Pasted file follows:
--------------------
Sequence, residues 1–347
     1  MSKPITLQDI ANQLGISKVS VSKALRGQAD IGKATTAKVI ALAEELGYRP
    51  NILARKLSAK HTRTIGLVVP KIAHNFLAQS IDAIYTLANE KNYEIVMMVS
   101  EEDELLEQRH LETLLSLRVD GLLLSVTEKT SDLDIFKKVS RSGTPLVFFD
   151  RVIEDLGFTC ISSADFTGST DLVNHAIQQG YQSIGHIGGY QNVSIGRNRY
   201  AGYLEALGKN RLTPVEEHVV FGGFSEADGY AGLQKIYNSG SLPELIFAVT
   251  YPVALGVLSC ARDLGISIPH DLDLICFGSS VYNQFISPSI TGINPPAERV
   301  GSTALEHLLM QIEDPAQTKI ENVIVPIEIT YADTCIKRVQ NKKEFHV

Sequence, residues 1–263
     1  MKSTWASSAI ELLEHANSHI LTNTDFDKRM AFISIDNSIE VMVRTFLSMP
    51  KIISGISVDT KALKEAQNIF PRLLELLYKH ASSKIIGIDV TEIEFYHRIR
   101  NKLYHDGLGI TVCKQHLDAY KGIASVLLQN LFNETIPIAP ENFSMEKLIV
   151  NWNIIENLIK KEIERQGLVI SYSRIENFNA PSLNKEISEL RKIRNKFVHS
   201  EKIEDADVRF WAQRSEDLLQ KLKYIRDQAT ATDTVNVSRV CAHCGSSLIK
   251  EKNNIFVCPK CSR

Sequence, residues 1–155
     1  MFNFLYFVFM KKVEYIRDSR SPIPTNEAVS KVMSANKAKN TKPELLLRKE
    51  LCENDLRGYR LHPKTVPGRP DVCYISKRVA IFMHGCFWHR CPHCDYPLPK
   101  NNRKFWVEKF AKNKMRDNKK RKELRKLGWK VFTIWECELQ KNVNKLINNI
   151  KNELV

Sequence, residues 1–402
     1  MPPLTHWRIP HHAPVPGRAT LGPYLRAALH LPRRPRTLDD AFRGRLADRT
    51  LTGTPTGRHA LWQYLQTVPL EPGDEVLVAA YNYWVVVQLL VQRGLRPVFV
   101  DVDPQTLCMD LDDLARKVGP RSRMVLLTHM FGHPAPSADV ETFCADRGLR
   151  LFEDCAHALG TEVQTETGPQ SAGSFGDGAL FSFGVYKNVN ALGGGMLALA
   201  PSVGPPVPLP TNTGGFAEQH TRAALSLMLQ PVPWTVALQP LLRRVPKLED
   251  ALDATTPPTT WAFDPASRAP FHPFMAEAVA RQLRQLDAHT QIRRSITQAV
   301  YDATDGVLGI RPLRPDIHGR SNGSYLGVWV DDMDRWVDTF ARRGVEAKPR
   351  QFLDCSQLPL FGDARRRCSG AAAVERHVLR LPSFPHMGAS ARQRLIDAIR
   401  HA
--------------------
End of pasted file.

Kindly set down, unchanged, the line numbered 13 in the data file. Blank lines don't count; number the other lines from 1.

   151  NWNIIENLIK KEIERQGLVI SYSRIENFNA PSLNKEISEL RKIRNKFVHS